I’ll be honest with ya I have one that looks like the day it was bought sitting in the back corner of my safe cause I can’t get it to repeat either… it’s a great gun if ya like 1” groups at 100 but I pretty much gave up on it..
That's not encouraging, but I would be good with 1 inch groups at this point. Maybe I can unload it to a dealer on a trade in :)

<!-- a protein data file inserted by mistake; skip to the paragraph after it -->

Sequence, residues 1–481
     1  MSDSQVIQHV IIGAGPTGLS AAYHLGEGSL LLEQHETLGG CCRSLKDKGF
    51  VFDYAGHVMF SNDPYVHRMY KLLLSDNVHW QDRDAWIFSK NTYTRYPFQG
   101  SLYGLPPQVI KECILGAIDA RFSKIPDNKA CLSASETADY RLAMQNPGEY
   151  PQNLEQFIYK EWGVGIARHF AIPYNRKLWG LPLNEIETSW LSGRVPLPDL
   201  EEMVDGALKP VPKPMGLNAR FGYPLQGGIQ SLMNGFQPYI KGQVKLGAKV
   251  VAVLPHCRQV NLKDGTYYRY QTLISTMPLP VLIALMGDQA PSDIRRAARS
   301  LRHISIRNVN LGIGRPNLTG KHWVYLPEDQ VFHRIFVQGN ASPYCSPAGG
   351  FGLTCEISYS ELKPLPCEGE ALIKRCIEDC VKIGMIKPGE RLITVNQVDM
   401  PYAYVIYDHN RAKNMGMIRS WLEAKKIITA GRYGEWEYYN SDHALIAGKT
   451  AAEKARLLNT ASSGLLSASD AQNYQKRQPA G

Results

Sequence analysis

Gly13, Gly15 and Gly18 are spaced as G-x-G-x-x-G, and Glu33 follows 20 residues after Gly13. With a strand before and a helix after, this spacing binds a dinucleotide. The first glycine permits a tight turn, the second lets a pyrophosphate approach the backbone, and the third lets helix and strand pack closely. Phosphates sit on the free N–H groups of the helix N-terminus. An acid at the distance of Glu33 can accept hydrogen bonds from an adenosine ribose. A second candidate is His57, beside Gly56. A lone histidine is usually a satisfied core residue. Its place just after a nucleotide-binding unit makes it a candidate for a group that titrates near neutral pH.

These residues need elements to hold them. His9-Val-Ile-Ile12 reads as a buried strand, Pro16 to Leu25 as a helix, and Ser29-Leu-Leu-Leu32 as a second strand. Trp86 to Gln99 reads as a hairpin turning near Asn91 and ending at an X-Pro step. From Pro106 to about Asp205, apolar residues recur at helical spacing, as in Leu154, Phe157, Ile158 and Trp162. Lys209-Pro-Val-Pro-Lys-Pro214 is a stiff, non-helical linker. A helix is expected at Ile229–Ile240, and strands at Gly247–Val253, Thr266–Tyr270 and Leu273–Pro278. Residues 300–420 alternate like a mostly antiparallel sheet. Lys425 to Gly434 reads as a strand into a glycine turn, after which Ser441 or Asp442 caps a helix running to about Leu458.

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I have not owned this model of Ruger but from others I have heard many times that they just are not very accurate . For some reason the much lower priced Ruger American rifles tend to be more accurate .
I owned a early M 77 from around 1973 that was very accurate but the later models and the 10-22’s are not what they once were.
jedman